About this Recording
8.572196 - ALBÉNIZ, I.: Piano Music, Vol. 3 (González) – 6 Danzas españolas / 6 Pequenos valses / 6 Mazurkas de salon
English  Spanish 

Isaac Albéniz (1860–1909)
Piano Music • 3


Isaac Albéniz was born in Camprodón, in Catalonia, on 29 May 1860, the youngest of four siblings. His family moved to Barcelona when he was still an infant, and he soon began piano lessons with his sister Clementina, giving his first concert at the tender age of four and delighting the audience at the Teatro Romea. He then studied with Narcís Oliveres until he was six, when he went to Paris and studied with Antoine-François Marmontel. On his return to Spain he worked with Oliveres again until the family moved to Madrid, where he studied with Ajero, Mendizábal and Compta.

In 1870, still only ten years old, Albéniz left the family home and began to organize his own concert tours, which took him around his native Spain. In 1872 he travelled to South America, performing in Argentina, Uruguay and Brazil, returning to Spain the following year for another tour of the Iberian peninsula. At the age of fifteen he went back to the Americas, giving concerts in Puerto Rico, Havana, Santiago, Mexico City, New York and San Francisco. On his return to Europe he toured England and then travelled to Leipzig to study with Salomon Jadassohn and Carl Reinecke. In a letter to his sister he complained of being weary of his international travels—this at the age of fifteen.

Having returned to Madrid in 1877, Albéniz obtained the patronage of Count de Morphy, private secretary to King Alfonso XII, thereby funding further studies in Brussels with Gevaert and Brassin. After another trip to the United States in 1878, he won a first prize at the Brussels Conservatory in 1879, the jury members including Hans von Bülow and Anton Rubinstein. A year later, during a journey that took in Prague, Vienna and Budapest, Albéniz supposedly met Liszt, whom he greatly admired, and was accepted as one of his select group of pupils, although no documentation exists to verify his claim.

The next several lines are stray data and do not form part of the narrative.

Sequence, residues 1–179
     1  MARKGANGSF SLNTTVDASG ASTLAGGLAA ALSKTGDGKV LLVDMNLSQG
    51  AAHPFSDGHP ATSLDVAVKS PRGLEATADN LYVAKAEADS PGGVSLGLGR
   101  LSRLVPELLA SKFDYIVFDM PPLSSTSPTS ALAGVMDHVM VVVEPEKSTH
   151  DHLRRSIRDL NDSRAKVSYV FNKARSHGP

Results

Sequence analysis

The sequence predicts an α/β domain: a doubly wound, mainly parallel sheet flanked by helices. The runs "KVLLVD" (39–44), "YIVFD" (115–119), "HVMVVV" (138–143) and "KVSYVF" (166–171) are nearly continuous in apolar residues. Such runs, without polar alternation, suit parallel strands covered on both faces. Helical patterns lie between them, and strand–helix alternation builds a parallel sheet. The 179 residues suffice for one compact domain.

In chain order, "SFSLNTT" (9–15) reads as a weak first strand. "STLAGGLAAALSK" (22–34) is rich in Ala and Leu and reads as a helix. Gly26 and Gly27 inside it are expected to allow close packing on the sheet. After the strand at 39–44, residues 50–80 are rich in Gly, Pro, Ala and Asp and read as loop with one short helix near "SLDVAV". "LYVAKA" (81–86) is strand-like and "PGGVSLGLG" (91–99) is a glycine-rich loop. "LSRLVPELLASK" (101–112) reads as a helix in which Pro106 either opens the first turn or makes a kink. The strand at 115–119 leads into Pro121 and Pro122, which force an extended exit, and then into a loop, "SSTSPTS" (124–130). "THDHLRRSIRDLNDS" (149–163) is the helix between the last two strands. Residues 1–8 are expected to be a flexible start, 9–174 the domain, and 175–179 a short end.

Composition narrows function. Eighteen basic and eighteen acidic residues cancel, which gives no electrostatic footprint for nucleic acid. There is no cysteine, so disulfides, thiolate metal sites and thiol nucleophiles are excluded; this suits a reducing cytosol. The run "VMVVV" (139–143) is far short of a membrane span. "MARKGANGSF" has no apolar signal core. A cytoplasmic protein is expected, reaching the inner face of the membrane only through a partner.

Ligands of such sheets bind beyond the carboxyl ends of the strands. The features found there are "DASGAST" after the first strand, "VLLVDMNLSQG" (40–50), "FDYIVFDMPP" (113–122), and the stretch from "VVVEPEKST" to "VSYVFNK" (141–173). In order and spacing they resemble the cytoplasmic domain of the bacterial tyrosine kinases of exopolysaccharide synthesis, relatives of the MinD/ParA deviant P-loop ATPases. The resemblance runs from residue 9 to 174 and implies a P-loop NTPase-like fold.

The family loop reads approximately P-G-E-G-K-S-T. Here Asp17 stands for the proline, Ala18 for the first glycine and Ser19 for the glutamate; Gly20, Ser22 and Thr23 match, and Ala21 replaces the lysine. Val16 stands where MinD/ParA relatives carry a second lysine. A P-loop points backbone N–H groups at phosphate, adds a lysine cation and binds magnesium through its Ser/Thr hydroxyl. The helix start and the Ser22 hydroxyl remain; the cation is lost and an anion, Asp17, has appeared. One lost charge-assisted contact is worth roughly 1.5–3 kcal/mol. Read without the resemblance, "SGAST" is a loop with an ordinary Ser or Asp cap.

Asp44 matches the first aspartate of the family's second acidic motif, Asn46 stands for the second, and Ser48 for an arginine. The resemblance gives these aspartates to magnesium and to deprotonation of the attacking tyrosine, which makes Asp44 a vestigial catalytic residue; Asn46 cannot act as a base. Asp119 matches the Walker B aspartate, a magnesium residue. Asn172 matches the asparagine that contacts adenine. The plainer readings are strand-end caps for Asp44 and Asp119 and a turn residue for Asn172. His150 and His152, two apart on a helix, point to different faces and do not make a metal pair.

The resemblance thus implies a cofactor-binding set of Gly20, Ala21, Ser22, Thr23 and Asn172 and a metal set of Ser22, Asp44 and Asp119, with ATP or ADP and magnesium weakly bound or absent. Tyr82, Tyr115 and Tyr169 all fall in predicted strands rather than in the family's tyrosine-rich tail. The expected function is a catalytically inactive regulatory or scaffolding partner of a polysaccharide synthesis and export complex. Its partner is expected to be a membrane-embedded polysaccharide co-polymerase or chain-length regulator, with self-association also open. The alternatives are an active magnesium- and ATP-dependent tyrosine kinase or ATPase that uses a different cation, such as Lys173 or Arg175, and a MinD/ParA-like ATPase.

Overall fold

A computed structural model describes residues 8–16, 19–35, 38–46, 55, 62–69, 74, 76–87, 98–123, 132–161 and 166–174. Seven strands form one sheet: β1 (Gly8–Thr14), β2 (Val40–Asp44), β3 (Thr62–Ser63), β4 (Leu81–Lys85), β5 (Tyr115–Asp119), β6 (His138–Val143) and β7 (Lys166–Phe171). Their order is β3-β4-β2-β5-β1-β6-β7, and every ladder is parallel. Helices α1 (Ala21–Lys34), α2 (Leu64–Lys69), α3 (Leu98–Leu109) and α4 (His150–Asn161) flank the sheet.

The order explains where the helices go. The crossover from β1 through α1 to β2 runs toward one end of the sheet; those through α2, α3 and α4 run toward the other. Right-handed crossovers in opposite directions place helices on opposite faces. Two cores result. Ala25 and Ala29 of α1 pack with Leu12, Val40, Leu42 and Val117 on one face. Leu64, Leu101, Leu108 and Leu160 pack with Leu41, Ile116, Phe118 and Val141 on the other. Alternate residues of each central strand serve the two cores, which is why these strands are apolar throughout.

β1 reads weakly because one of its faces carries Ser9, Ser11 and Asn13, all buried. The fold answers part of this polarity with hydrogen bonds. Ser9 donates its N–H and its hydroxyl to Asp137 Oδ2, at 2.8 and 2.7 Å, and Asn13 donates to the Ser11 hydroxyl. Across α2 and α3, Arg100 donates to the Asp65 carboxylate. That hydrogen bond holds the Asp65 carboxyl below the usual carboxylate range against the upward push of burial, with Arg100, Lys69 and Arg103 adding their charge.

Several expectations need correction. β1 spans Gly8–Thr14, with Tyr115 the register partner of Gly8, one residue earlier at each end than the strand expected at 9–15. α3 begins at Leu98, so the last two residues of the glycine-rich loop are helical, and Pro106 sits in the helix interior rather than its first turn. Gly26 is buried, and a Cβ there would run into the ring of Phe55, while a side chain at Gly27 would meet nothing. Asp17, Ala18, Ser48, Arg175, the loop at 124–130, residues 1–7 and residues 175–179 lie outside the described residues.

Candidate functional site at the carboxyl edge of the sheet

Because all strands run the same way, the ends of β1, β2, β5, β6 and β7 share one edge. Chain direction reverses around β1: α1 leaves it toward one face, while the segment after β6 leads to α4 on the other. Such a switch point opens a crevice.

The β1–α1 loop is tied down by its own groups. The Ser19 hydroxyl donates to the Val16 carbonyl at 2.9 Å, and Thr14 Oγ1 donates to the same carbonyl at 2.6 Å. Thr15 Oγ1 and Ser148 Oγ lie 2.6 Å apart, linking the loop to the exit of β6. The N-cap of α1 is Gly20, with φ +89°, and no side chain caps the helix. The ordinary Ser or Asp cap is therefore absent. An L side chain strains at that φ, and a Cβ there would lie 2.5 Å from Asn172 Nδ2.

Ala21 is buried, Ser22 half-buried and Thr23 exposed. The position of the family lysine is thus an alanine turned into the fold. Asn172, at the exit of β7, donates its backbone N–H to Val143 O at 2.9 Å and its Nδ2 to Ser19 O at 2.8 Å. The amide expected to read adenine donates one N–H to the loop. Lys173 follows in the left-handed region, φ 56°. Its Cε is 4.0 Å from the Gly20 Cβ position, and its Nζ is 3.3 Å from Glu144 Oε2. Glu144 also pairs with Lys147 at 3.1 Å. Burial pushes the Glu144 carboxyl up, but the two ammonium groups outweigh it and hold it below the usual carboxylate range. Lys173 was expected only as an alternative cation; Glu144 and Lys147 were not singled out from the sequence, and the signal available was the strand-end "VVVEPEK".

In 1881 he went back to Cuba, Mexico and Argentina, returning to Spain that May to tour Aragón, Navarre and the Basque Country. An encounter with guitarist “El Lucena” led to his discovery of the sounds of that particular instrument, and thereafter Albéniz frequently incorporated elements inspired by Andalusian guitar music into his piano works.

In 1886 he appeared at Madrid’s principal concert hall, the Salón Romero, and was acclaimed as “a giant with poetry in his fingers”. By now he was renowned throughout Spain. Another tour of Cuba followed, then in 1889, the publishing house Érard organised a series of piano recitals at the Universal Exposition in Paris. These showcased his use of guitar-like strumming, entirely new to keyboard music, and proved to be crucial in publicising his work. Dukas, Fauré, Debussy, Ravel and Chausson were among those who heard him play, and the Hispanic influence on French music flourished from that point onwards. A continuous string of successes across Europe made him a natural leader of the Spanish nationalist school, and he introduced Falla, Turina and many other Spanish composers to the musical circles of Paris. Albéniz gave his final public performance at a Libre Esthétique concert in Brussels. In March 1909, by which time he was already very ill, he moved to the French spa town of Cambo-les-Bains, dying there on 18 May the same year.

Isaac Albéniz’s huge contribution to Spanish musical nationalism reached its apogee with Iberia(subtitled Twelve New Impressions in Four Books, 1905–09), but before writing this masterpiece, he had already composed a significant quantity of piano music, much of it falling into the popular nineteenth-century genre of salon music: pieces designed to meet the demand for music to be played by the daughters of the aristocracy and upper middle classes, for whom playing the piano ranked alongside French and needlework as a central aspect of education.

A distinction must be drawn between this type of music, written for European high society, for whom salon music had become a principal pastime, and the kind of music conceived by composers as a vehicle for technical and formal innovation and to be performed by professional pianists whose concerts were equally in demand by that same society. These early works may appear of less value when compared with those that make up the great virtuosic piano repertoire, but they acquire a new and different significance when considered for what they are: a reflection of the society of the time, pieces listened to and performed by our forebears and which formed part of their day-to-day cultural life; enjoyable, well written pieces, whose beauty may be inconsequential but remains moving nonetheless. This is an attractive repertoire usually overshadowed by the masterpieces that define the development of piano technique.